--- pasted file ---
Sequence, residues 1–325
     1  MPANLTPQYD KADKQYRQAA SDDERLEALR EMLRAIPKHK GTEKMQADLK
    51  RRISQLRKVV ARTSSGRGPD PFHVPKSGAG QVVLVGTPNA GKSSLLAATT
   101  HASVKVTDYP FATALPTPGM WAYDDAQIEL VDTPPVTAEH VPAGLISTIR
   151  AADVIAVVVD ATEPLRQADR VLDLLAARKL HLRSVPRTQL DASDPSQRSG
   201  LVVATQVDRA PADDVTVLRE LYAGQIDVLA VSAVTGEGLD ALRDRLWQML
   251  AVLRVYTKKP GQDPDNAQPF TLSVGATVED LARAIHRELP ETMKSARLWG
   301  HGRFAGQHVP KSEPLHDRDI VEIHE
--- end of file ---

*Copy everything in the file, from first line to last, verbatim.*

Sequence, residues 1–325
     1  MPANLTPQYD KADKQYRQAA SDDERLEALR EMLRAIPKHK GTEKMQADLK
    51  RRISQLRKVV ARTSSGRGPD PFHVPKSGAG QVVLVGTPNA GKSSLLAATT
   101  HASVKVTDYP FATALPTPGM WAYDDAQIEL VDTPPVTAEH VPAGLISTIR
   151  AADVIAVVVD ATEPLRQADR VLDLLAARKL HLRSVPRTQL DASDPSQRSG
   201  LVVATQVDRA PADDVTVLRE LYAGQIDVLA VSAVTGEGLD ALRDRLWQML
   251  AVLRVYTKKP GQDPDNAQPF TLSVGATVED LARAIHRELP ETMKSARLWG
   301  HGRFAGQHVP KSEPLHDRDI VEIHE